by Joanna Norman
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I use four lists to organize my projects and get things done. This system has lowered my stress levels and increased my productivity tremendously. If you usually have a really long, detailed to do list and you get a satisfying little high from crossing things off your to do list, you might find a system like mine highly effective. If there are things you put on your to do list every day, but they somehow never get done and that causes you stress, then I would also recommend this system.
Now, I must give credit to the folks I learned this from, April and Eric of learndobecome.com. My four list system is based on what I learned in a free course they offered. I highly recommend it!
Let me show you the four to do lists that I have in my Rocketbook notebook:
- Future Project List
This is a brain dump of any and all projects I think of. I may or may not commit to actually doing all of them. This is a place to capture my ideas. I also like it because over time I can see how many projects, large and small, I have accomplished. When this list gets longer than a page, I capture it digitally (which is easy with the Rocketbook technology) and start over again. I divide my future project list into two columns: personal and business.
- Current Project List
This is a curated list of 8-10 projects that I have selected to complete in a two month period. It is divided into four categories: for me, for my family, for my business, and beyond. I select one to four projects from my Future Project List for each category, so that I have eight to ten projects that I’m focusing on for two months at a time. I update my current project every two months. If I finish all of them before two months have passed, I can always add a new one.
3. Current Project Actions
I think that this list is the key to why this system has greatly increased my productivity. It has the same 8 to 10 projects that I selected when I created list 2, my Current Project List, but here, I have broken each project down into small steps. This list is updated every two months.
Here is where this gets so powerful. When there is a project that I’m struggling to get started or completed, I have a good think about what is preventing me from making progress and think of the tiniest step I can to get over that hump. I create or update this list every two months.
For example, I planned to make a crocheted blanket, and I had picked out the yarn and the pattern, but was having trouble getting started. As I thought more about it, I realized that I was unclear on how to prepare and assemble the individual pieces, and what was stopping me from starting was that I needed a tool I didn’t have, a blocking board. So the tiny steps that you see listed here are what I needed to do to build a blocking board (get skewers and assemble it). Since completing those tiny steps, I have made and blocked over 100 hexagons, so far!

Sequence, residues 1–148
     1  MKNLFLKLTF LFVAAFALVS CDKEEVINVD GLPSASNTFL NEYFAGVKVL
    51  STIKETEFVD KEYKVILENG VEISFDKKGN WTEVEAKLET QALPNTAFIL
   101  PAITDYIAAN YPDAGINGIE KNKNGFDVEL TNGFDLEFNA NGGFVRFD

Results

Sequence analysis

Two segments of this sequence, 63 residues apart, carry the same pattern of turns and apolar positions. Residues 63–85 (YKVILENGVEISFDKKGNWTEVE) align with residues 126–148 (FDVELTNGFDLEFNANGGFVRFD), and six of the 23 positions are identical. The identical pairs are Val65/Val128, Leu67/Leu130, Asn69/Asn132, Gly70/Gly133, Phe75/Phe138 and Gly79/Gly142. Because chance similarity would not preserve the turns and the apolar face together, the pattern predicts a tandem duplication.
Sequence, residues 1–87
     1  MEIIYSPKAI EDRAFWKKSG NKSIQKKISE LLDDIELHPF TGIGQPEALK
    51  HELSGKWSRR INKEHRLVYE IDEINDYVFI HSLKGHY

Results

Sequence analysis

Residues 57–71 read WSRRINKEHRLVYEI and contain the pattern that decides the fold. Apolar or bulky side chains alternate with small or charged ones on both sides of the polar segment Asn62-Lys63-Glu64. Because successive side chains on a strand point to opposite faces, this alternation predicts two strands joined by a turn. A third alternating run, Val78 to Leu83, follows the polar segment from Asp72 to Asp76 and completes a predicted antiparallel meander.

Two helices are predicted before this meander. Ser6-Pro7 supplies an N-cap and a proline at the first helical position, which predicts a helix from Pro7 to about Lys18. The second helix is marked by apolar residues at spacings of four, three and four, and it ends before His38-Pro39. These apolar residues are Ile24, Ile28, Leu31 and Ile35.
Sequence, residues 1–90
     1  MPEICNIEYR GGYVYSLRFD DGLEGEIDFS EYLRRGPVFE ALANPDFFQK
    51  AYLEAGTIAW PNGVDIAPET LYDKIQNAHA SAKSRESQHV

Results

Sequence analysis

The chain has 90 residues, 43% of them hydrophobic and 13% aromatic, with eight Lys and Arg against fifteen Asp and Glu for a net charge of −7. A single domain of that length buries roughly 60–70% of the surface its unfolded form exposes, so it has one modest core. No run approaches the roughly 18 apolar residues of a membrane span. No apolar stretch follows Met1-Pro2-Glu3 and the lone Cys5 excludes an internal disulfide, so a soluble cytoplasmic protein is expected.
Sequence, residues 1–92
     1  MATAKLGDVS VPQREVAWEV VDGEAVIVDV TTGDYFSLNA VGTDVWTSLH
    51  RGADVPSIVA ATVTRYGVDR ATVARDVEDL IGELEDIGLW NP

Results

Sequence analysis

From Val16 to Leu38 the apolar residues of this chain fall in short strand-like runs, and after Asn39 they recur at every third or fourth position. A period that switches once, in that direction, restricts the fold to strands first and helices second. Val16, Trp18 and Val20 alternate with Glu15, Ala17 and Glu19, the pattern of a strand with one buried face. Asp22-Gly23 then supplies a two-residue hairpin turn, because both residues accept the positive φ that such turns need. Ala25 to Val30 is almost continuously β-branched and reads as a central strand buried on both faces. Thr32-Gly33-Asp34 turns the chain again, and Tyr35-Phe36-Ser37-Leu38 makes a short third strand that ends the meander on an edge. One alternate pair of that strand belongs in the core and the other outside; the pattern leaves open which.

4. Context-based To Do List
The last list is probably the closest thing to a traditional to do list, except that it is highly curated and specifically organized, and that is why it works so much better for me. I make this list weekly by selecting actions from list #3, Current Project Actions, and dropping each action into one of 5 categories: home, phone, computer, to discuss, and errands. Sometimes I also add actions that are not on list #3 because things like an extra errand always crop up, right?
On this list, my action items are sorted into these five categories:
Home – Things that I do at home around the house
Phone – Any action items that are phone calls go here. You can add phone numbers here to make it really easy to make those calls.
Computer – Action items that need to be done on the computer.
Errands – Self-explanatory
To Discuss – Action items that I need to talk over with other family members.
This context-based to do list is another reason productivity is amped up from a traditional to do list. For example, if I’m waiting to pick up my daughter at school and take her to the dentist, I can hop on my phone and make any of the calls related to any of my projects (or I might choose to look out the window at the birds!). If I’m out and about, I can check my errand list to see if there are any errands nearby that I can take care of. If I’m sitting at my computer and want a short break from transcribing, I can check the computer items to see if there are any I can take care of in just a few minutes.
So there you go, my four to do lists that are better than one. If you want help implementing a system like this, check out learndobecome.com.